Stack Overflow is a community of 4.7 million programmers, just like you, helping each other.

Join them; it only takes a minute:

Sign up
Join the Stack Overflow community to:
  1. Ask programming questions
  2. Answer and help your peers
  3. Get recognized for your expertise

I want to mock the Microsoft.Office.Interop.Excel.Range (and the other Microsoft.Office.Interop.Excel interfaces) to unit test my application. I'm using Moq 4.0.10827 with .NET 4 in C#.

In my unit test, I attempt to set up the behavior of the mock as follows:

        var range = new Mock<Microsoft.Office.Interop.Excel.Range>();
        range.Setup(r => r.get_Value(1)).Returns("Something");

        var classBeingTested = new MyClass(range.Object);

In the code being unit tested, I'm using the Range as follows:

    public MyClass(Range range)
        var value = range[1].ToString();

When the test runs, it produces the following exception:

        Error: Missing method 'instance object [My.Example.Implementation.MyClass] Microsoft.Office.Interop.Excel.Range::get__Default(object,object)' from class 'Castle.Proxies.RangeProxy'.

How can I implement this mocking successfully? I realize that isolating the Excel Interop functionality with a pattern such as is a potential solution; however, I'd be happier with being able to create mocks from the Microsoft.Office.Interop.Excel interfaces.

EDIT: More details on this issue

OK, this is strange. I've created a project to test the suggestion by jimmy_keen. It works. However, when I use the same suggestion to test the project I had issues with, it throws the following exception:

Error: Missing method 'instance object [My.Example.Implementation.MyClass] Microsoft.Office.Interop.Excel.Range::get__Default(object,object)' from class 'Castle.Proxies.RangeProxy'.

Since jimmy_keen's suggestion worked fine on other projects, I started suspecting that there is something wrong with the project I'm testing the code with. So, I created a test solution that demonstrates the problem in detail:

The root of the problem seems to be that the project contains another class (that is not being unit tested) with essentially the following code:

using Microsoft.Office.Interop.Excel;
namespace Project
    public class UnTestedClass
        public UnTestedClass(Worksheet sheet)
            var foo = sheet.Range["Description"].Column;

I don't understand why this causes the issue, because I'm not using UnTestedClass in the unit test at all. Am I missing something in how I should use Moq, or have I stumbled upon a bug?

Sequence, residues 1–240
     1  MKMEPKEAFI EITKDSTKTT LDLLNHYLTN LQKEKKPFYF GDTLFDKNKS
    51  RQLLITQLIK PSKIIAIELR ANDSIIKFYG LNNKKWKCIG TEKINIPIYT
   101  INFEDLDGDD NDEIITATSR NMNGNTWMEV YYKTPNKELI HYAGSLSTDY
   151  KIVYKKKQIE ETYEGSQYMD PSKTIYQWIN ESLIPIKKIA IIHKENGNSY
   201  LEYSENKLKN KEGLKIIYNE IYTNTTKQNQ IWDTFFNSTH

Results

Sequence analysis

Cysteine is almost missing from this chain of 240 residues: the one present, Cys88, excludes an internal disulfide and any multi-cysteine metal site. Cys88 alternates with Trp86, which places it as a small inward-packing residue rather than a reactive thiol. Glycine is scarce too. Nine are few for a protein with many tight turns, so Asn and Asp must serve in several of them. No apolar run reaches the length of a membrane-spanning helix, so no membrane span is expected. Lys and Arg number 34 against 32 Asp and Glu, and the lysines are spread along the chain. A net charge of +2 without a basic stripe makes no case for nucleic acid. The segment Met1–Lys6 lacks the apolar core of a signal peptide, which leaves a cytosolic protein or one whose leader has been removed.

share|improve this question
+1 This is strange, I'm guessing it has something to do with COM objects. As soon as I reference the excel interop, I can no longer reference my Moq library... Weird... – jsmith Jul 24 '12 at 14:51
After some work on this, I'm now moving towards isolating the Microsoft.Office.Interop.Excel functionality with my own custom classes & interfaces instead of mocking Microsoft.Office.Interop.Excel.* directly. While the answer to this question does solve the immediate issues, mocking Microsoft.Office.Interop.Excel.* ultimately just begun to require too much setup work to make it useful. – Lauri Harpf Aug 3 '12 at 5:52
up vote 5 down vote accepted

Your code accesses indexer, and that's what you need to mock:

var range = new Mock<Microsoft.Office.Interop.Excel.Range>();
range.Setup(r => r[1, It.IsAny<object>()]).Returns("something");

Note that Range indexer actually takes two parameters - hence the It.IsAny<object>() constraint in call.

share|improve this answer
Thanks, I tested this and it does work in some cases. However, the unit test I'm working on still stubbornly refuses to work. Please see the test solution I've uploaded at – Lauri Harpf Jul 25 '12 at 7:13
@LauriHarpf: this is interesting. Apparently it's an "issue" with compiler generated code. The Range type interface generated by compiler in your Project has extra property (Column, namely). I have no clue how this could be problematic for Castle... but it's COM. If you'll check your assemblies with ILSpy for example, you'll see what I mean. The compiler generated code differs (even tho classes are the same) and this must be the issue. Note that if you stub range.Setup(r => r.Column).Returns(0); this test will also pass. – jimmy_keen Jul 25 '12 at 21:58
Excellent, thanks! The ILSpy tip was golden as well; in my real project, I see other extra properties appearing in addition to Column. Present are "Column", "Columns", "Row", "Rows" and "Value". This behavior will probably make any unit tests I write quite brittle, because at any time new properties might appear and break something.. In any case, by using your tips and carefully mocking all the extra properties this works, so marking as answer. Thank you, sir! – Lauri Harpf Jul 27 '12 at 11:52

Your Answer


By posting your answer, you agree to the privacy policy and terms of service.

Not the answer you're looking for? Browse other questions tagged or ask your own question.